Travel to Hawaii - Food Trucks in Hana, Maui

A month after the man and I started dating, I was off to Cape Town for a month and he was off to Japan. It certainly set the stage for our life together as we both love to travel. You think it'd be easy to find a kindred travel spirit but it isn't. Some people are homebodies and don't like anything different. Some only want to travel if it is similar to the standards that they know at home or only where they speak English.

And lots of people love a hot holiday in the winter but will only go to an all-inclusive resort.

That's one of the reasons that we love Hawaii - it's SO much more than a beach holiday if you want it.

When we went to Maui this past December we knew that we wanted to drive to Hana. Although it's only 50 miles long, the Hana Highway can take over two hours to drive. It hugs the northwest coast of Maui with many parts single lane only. You drive slowly with frequent stops to yield to oncoming cars. You don't REALLY want to drive any faster as it is so curvy that we were all a bit queasy even at that slow a speed.

A few waterfalls and a few food stalls are the only stops along the way. And peeks at the ocean down below.

Although Hana has a population of about 1,200 people, it's fairly rural. The Hasegawa Grocery is near the center of town.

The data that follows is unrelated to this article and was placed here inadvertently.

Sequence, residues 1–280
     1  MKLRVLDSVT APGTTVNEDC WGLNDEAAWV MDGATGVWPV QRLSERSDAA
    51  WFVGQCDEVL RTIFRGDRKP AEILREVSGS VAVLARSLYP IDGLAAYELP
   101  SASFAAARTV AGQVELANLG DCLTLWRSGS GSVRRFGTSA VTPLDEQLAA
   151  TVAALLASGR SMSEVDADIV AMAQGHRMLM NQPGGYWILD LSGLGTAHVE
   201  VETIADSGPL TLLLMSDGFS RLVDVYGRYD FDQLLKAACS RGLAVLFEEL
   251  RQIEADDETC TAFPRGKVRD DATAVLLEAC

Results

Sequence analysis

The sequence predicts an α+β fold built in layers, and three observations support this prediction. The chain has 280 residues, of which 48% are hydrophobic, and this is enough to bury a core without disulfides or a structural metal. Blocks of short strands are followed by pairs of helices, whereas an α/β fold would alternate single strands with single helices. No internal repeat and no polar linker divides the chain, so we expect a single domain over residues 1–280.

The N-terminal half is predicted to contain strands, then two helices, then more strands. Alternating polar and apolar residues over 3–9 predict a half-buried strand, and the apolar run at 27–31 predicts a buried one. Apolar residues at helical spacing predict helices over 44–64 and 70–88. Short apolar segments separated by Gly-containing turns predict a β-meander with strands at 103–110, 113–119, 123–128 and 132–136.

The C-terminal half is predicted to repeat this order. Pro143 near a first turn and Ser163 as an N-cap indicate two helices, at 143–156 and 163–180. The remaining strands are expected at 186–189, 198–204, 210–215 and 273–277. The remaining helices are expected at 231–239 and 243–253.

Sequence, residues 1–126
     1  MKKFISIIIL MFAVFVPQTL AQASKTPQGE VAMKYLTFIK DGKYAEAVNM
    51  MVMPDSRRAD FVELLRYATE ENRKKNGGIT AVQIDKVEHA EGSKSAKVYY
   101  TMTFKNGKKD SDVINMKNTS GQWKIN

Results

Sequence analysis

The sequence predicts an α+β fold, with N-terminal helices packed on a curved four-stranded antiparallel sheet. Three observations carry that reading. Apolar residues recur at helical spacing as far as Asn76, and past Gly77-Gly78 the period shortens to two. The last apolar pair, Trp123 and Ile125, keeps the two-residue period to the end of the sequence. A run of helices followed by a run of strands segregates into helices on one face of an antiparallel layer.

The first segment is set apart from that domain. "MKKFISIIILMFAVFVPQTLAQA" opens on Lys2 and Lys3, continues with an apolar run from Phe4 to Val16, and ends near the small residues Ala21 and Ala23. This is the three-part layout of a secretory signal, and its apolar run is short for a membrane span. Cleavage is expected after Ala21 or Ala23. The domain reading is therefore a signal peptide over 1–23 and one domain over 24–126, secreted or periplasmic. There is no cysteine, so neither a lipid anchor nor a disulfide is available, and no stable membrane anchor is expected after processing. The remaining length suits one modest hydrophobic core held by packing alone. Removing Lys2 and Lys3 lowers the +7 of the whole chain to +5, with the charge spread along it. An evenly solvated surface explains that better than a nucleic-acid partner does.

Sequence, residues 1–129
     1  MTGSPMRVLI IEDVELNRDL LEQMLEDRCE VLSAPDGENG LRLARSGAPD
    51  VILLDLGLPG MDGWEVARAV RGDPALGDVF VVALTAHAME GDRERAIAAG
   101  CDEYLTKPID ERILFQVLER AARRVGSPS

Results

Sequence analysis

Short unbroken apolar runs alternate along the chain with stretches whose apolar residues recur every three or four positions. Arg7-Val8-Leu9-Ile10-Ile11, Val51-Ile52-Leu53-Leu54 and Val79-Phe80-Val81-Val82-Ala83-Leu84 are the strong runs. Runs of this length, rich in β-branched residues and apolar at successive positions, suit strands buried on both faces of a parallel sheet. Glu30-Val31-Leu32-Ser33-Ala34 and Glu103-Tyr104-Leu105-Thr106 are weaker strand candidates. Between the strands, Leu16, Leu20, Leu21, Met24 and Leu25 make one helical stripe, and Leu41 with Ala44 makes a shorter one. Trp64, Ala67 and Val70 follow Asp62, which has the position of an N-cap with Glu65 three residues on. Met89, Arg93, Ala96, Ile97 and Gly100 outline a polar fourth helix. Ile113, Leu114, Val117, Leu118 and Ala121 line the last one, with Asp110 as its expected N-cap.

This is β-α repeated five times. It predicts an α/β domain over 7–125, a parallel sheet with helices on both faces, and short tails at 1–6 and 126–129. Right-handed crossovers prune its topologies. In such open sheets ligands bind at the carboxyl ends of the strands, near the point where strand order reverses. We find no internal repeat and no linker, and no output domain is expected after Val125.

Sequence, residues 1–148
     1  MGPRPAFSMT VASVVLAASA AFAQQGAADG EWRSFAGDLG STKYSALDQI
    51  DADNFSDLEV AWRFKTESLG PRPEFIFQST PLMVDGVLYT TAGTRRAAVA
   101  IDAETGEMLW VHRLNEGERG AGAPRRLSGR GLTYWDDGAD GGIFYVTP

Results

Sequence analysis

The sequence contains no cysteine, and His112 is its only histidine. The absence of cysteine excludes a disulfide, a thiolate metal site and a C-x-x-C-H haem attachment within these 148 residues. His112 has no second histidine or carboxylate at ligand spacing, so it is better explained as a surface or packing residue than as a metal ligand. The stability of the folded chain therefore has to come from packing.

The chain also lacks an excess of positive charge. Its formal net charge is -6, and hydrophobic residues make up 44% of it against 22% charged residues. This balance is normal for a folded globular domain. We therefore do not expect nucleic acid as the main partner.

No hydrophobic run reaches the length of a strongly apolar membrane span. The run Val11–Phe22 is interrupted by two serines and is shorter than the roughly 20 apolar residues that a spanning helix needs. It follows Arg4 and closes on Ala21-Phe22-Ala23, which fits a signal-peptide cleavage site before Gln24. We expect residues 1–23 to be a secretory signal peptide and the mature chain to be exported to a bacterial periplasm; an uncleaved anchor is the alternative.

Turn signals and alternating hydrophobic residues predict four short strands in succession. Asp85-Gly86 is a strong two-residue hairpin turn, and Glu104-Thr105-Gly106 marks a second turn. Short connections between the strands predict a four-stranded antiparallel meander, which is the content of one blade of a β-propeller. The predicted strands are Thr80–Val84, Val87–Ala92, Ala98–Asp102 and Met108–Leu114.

Some only come to Hana for the day on an organized bus trip. They may stay one night. We stayed three nights so we could explore.

There's one high end hotel in town with an upscale restaurant. And there's another one that's more middle of the road. Neither will give you the taste of Maui. And who wants to eat with other tourists? I want to meet locals.

To really experience Hana you eat at the food trucks. Often cash only with irregular hours, you need to be flexible. Run out of ingredients? Closed. Surfs up? Closed. Don't feel like it? Closed.

If it's open, better stop.

First up, Braddah Hutts BBQ Grill. We gobbled up the teriyaki chicken and fish tacos with the standard Hawaiian sides of a scoop of rice and a scoop of macaroni salad. This isn't gourmet eating but you aren't here for that. It's delicious.

The food is prepared on a grill like you'd have at home. Grab your napkins and cutlery and sit down at the communal table to enjoy.

We wanted to go to Uncle Bill's for breakfast but every time we drove by it was closed. Phyllis doesn't keep regular hours - again, if you see that she's open, you'd better stop by.

The white food truck sits in her yard in front of her house right off the highway.

On our last morning in Hana we drove by and we were in luck - she was open.

Phyllis was in the middle of cooking breakfast for a table of 8. It's a one person show so we had to wait a bit. You learn to "hang loose", especially in rural Hawaii. Put away the watches and the "to do" lists. Why are you in so much of a hurry?

At one point she ran out of some ingredients and hopped in the car to get over to the grocery store to stock up. Ten minutes later she was back and continued cooking. 

She needed some herbs for the man's omelette and scooted out to the garden to grab some dandelion greens.

Her breakfast hit the spot.

Having lived overseas, I know that spending a few weeks in a place, even over consecutive years, can only give you so much of a taste of what it's really like. But we try as much as we can to do so. How about you?